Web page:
Guy “I started nine years ago in Toneelhuis with Mefisto for ever (Mephisto Forever). That was a production which reflected on the position of the artist in a changing political era. It became part of a series of three productions about power. Wolfskers focused on the standpoint of the ruler, Atropa on the female standpoint. The coming season also revolves around power, but a totally escalated power. We’re presenting two productions, Caligula by Albert Camus, and an adaptation of The Kindly Ones, a book by Jonathan Littell that has won the Prix Goncourt. Caligula was suggested by Kevin Janssens, who will be playing the leading role. The Kindly Ones is a very thick book. After 300 pages I thought: I’ll be darned, this is important, I can’t wait too long with this. I also immediately saw possibilities of staging the book in collaboration with Toneelgroep Amsterdam, because when we combine forces we have a marvellous team of actors.”
Wilbert “Is there any connection between these two productions for you?”
Guy “I put terrible characters on the stage in both of them. Caligula is the Emperor of Rome. After the death of his sister, with whom he was very much in love, he loses all interest in life. He realizes that there are no eternally universal principles of good and evil. Through his aggressive and provocative behaviour, he challenges his surroundings and undermines the entire political and moral structure. He confronts his friends and the senators of Rome with their cowardice, their hypocrisy, their lies, their all-too-human attitudes. Because he permits himself every liberty, Caligula comes to grief in an apocalyptic way.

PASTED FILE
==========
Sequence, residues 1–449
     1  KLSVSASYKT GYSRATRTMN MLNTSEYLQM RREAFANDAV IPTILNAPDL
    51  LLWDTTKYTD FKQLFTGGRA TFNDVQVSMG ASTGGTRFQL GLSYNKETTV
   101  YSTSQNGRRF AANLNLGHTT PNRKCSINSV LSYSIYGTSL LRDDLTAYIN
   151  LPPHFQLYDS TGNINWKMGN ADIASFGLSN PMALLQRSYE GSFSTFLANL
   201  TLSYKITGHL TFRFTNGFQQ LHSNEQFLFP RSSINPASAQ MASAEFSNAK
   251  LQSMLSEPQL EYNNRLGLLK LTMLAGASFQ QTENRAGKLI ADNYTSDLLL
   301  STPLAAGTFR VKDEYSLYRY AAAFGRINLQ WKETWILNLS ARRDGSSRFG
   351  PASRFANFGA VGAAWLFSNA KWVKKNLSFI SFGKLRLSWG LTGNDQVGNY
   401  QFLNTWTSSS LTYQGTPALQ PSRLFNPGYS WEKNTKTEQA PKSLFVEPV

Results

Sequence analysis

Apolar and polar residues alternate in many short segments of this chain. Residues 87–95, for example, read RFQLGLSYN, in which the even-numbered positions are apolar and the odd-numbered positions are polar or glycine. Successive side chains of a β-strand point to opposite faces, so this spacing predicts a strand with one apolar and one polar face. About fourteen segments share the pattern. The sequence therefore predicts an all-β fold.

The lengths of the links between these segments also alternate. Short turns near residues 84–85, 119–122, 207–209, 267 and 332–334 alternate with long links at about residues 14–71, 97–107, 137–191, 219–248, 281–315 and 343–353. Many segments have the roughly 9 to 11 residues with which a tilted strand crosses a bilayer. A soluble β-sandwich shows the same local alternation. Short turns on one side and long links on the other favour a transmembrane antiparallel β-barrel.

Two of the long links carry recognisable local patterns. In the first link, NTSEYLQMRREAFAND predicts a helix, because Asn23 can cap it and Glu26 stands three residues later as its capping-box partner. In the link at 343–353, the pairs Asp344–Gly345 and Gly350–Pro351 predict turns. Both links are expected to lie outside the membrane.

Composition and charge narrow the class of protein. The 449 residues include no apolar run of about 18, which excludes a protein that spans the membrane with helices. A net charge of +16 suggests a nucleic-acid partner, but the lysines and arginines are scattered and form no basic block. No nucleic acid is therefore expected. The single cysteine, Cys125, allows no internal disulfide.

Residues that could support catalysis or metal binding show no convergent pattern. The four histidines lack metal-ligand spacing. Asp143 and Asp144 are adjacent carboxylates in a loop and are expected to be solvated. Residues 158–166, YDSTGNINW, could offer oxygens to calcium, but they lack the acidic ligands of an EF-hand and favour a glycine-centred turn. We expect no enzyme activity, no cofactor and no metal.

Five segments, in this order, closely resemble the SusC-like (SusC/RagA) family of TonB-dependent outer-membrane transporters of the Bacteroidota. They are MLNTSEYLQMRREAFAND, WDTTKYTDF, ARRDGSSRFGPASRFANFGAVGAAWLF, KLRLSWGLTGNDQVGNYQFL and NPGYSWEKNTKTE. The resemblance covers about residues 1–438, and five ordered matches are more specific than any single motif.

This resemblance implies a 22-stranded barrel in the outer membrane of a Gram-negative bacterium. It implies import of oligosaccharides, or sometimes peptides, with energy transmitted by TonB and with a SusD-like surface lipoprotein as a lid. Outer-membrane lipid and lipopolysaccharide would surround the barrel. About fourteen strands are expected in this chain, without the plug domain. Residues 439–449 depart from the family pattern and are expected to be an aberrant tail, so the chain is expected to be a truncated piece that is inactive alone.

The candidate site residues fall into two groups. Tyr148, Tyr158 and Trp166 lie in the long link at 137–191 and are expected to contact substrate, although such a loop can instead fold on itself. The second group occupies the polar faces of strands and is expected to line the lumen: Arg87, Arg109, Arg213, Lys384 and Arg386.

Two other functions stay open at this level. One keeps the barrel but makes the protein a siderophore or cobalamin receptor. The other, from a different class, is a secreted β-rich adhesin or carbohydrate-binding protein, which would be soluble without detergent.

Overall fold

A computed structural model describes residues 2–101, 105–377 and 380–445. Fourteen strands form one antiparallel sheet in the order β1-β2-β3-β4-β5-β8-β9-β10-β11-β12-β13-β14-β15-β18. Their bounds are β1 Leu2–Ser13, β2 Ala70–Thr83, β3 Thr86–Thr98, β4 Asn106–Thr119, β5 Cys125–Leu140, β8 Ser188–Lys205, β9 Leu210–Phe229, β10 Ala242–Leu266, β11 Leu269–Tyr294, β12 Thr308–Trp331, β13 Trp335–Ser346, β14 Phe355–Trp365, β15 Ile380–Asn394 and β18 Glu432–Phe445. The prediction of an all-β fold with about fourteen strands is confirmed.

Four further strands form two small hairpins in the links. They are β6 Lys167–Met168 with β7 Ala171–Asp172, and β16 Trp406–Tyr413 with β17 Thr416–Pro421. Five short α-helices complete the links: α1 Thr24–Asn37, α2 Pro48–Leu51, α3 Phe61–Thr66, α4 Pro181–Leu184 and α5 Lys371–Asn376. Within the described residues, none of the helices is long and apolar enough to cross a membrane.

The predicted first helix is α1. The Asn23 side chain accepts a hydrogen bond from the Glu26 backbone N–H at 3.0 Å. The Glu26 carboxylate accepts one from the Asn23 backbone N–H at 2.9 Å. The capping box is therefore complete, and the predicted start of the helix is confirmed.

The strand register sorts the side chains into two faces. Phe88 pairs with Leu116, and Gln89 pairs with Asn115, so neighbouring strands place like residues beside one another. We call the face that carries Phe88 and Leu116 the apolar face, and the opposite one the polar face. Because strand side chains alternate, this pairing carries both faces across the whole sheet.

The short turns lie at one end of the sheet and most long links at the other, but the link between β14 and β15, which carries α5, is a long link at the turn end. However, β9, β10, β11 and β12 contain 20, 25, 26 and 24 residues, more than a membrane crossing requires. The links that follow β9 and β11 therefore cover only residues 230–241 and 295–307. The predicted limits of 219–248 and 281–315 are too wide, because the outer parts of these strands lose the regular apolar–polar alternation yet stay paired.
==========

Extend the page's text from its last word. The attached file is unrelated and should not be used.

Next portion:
“Jonathan Littell’s book portrays a man, Max Aue, who is closely involved in eliminating the Jews in Eastern Europe as efficiently as possible. It’s a book full of gruesome facts. Caligula uses his power to pull down the entire society because he feels life is pointless. I see more and more of that fatalism in our society today. In Littell’s book, the abhorrence lies in the motives of the Nazi officers. Seeing as a decision has been taken to exterminate the Jews, how do we tackle the job as efficiently as possible? The horrific aspect of the book is that you fear that you might have done the same thing under those circumstances. That shocking fact makes this book very important. The two productions confront us as spectators with our moral choices in very different ways.”